Tree nut growers encounter a variety of orchard pests throughout the season requiring an array of preventative and curative actions. Technical Services Manager for Northern California for UPL, Katie Driver pointed out that navel orangeworm is one of the most critical pests for almond growers. Three to four generations can be generated each year, with nuts being the most susceptible during hull split.
“The moths’ feeding can lead to severely damaged and unusable nuts affecting growers’ bottom line. There’s also peach twig borer,” Driver noted. “Experts recommend scouting for peach twig borer right now. You can do this by looking for shoot strikes when the pest burrows into the shoots and twigs causing them to wilt.”
First-generation larva typically develops in almond orchards in May and June, which will give rise to the next flight of moths between June and July. Driver explained that ZYLO insecticide can be a helpful tool for growers dealing with lepidopteran pests. “It provides consistent insect control and is an excellent fit for IPM programs because its pollinator and beneficial friendly,” said Driver.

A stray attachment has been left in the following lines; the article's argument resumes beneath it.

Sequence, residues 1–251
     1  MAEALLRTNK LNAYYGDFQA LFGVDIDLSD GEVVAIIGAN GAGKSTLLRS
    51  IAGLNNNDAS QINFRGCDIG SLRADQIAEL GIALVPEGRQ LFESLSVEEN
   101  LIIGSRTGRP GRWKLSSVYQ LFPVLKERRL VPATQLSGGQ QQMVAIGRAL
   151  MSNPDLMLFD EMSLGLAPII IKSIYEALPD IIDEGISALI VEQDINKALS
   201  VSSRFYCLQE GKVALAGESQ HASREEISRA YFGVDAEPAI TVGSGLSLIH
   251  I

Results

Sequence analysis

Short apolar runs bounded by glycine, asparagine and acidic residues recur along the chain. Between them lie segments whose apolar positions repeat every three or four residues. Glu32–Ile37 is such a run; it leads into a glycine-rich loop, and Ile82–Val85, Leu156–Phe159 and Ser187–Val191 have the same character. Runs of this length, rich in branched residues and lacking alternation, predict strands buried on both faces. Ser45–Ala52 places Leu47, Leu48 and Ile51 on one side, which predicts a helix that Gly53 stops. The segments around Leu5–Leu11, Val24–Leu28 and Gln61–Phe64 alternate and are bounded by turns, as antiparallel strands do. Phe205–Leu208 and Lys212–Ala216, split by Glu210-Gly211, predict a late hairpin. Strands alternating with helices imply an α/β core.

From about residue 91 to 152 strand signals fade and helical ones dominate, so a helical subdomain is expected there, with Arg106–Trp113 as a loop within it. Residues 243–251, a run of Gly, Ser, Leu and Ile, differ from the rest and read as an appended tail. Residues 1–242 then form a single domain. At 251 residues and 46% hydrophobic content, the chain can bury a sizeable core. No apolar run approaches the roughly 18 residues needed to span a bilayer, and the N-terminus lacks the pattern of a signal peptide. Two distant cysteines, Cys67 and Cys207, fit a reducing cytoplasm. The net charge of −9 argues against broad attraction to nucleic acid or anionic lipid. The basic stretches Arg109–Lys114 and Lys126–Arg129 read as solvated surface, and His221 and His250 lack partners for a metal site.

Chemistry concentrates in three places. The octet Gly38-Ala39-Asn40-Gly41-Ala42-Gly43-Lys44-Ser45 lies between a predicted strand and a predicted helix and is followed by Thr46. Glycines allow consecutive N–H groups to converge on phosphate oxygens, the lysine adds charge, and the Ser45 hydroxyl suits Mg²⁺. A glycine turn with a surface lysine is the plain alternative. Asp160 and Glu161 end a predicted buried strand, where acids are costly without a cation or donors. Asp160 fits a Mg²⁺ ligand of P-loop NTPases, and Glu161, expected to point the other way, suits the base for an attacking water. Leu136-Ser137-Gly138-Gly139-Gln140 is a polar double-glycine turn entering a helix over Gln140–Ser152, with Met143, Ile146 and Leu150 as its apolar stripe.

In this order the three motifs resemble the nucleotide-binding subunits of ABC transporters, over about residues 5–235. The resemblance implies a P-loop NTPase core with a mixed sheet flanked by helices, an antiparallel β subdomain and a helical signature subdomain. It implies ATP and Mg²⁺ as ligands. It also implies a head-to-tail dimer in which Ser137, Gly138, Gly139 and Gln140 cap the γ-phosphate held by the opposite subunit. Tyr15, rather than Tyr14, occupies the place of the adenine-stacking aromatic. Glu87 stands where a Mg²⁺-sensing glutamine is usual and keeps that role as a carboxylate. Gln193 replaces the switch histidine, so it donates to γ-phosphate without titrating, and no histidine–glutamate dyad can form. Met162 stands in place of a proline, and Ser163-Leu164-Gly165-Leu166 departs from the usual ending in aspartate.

Some of the most problematic orchard pests for walnut growers include coddling moth and walnut husk fly. Coddling moth infestations can be particularly destructive and can be found by scouting for frass produced by the larvae at entry points into the husk. While husk fly is generally found a bit later in the season, growers are advised to have a plan of action in place in the event of infestation. Driver said that are a variety of materials available for helping walnut growers address pest issues.
“ASSAIL insecticide – which is an IRAC 4A – is the leading go-to product for control of codling moth and husk fly in walnuts. ASSAIL is the standard recommendation by leading universities when it comes to controlling these two key pests and is trusted by walnut growers across California,” Driver explained. “We also have BIFENTURE insecticide, which is IRAC 3A and it is the most widely used insecticide/miticide products on the market…It’s got excellent contact and residual activity, controls a wide spectrum of insects and mites in walnuts including codling moth, husk fly, and spider mites.”
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